I mean this next statement with full honestly: I don't believe half the labs out there in the US these since about 2016 onward. From very private conversations with others, many labs are abusive, fraudulent, 'me-too' landmines, and generally lying to grant funders, donors, and potential/enrolled students in a strange game akin to 'Catch Me If You Can' style con-artistry.

Major efforts are being taken to 'fix' the system. Me-Too is a perfect example. The Nature paper that is linked is another perfect example. These efforts are very much needed and those that undertake these efforts should be applauded and emulated. That said, Max Planck's quote is the speed at which this change will occur, namely, one funeral at a time[2].

[0] https://www.reuters.com/article/us-science-cancer-idUSBRE82R... A bit old, but should get you started on more up-to-date research.

[1] https://www.theatlantic.com/health/archive/2018/09/what-is-f... Food Science, but it illustrates the structure that leads to fraud.

[2] https://en.wikiquote.org/wiki/Max_Planck


> From very private conversations with others, many labs are abusive, fraudulent, 'me-too' landmines, and generally lying to grant funders, donors, and potential/enrolled students

I have a friend who worked in a neurology lab a few years ago who described the PI in a similar way. I had assumed that it was not normal and told her to get the hell away from that lab asap... how sad that this kind of shortsighted idiocy is so widespread!


Why not call a spade a spade. Better title would be "We need to talk about systematic fraud in China"

It's hardly a secret. Any grad student in America already knows this - about the blatant/incredulous cheating and plagiarism that goes on between Chinese students. But oh no, can't talk about it. 'Coz it's racist y'know.


This is moving the goalposts in a dangerous way. You're suggesting that fraud isn't as big of a problem in the US or other countries, when in fact it definitely is. Chinese academics didn't force academics in the USA to fudge data, or play with statistics.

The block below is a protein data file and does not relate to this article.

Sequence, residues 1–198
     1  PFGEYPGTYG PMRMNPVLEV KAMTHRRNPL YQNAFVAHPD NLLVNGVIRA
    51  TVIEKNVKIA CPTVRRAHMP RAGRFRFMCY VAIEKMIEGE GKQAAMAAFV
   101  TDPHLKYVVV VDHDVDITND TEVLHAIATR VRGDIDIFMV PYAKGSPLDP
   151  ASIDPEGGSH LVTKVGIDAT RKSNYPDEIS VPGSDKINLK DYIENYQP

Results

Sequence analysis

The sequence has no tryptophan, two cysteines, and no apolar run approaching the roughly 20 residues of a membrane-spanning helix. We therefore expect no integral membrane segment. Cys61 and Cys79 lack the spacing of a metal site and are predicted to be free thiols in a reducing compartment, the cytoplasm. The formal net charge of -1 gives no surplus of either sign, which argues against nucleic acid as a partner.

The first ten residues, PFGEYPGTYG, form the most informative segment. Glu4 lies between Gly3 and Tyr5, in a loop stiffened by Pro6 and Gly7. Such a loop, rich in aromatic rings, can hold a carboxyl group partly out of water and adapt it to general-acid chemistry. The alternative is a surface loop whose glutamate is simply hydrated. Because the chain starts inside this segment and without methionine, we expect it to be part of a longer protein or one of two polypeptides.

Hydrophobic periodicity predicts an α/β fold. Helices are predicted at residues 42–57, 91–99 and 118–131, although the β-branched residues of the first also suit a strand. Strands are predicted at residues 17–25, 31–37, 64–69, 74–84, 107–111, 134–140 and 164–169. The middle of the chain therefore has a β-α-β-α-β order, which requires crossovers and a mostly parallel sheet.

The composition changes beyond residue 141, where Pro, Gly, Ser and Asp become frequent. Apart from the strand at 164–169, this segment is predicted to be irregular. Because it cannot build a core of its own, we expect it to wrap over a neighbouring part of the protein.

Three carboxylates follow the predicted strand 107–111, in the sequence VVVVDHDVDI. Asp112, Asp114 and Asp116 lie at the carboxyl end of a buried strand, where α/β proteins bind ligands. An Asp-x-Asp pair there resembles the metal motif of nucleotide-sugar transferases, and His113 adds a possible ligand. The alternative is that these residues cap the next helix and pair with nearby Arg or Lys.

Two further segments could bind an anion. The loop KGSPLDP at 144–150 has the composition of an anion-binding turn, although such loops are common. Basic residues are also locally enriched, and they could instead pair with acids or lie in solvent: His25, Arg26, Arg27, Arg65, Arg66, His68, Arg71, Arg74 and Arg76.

> In a 2016 study1 in Scientometrics, Byrne and Labbé reported 48 problematic papers, including the 30 papers that had incorrectly identified nucleotide fragments. These were all written by authors from China.


Right, I'm not denying that the story linked was about fraud in China. But nowhere do they state that the problem is limited to Chinese researchers.


The _degree_ of the Chinese problem is astounding. There are bad apples in all cultures, but the rampant situation in China is something else.


Is it out of line with their proportion of researchers?


It is racist! Making generalised judgements about an entire group of people based on their ethnicity background is classic racism.


If you're saying "Chinese people are predisposed to cheat and lie" -- that's racist.

If you're saying "The academic culture in China is such that cheating and lying is widespread" -- that's not racist.

I'm pretty sure the post you responded to is making the latter claim.


Blaming "culture" is a huge cop-out and often just a facade for racism. If you say "the financial incentives offered by the Chinese government for research publications encourage rampant fraud" you are getting much closer to the real issue.


"The academic culture in China is such that cheating and lying is widespread"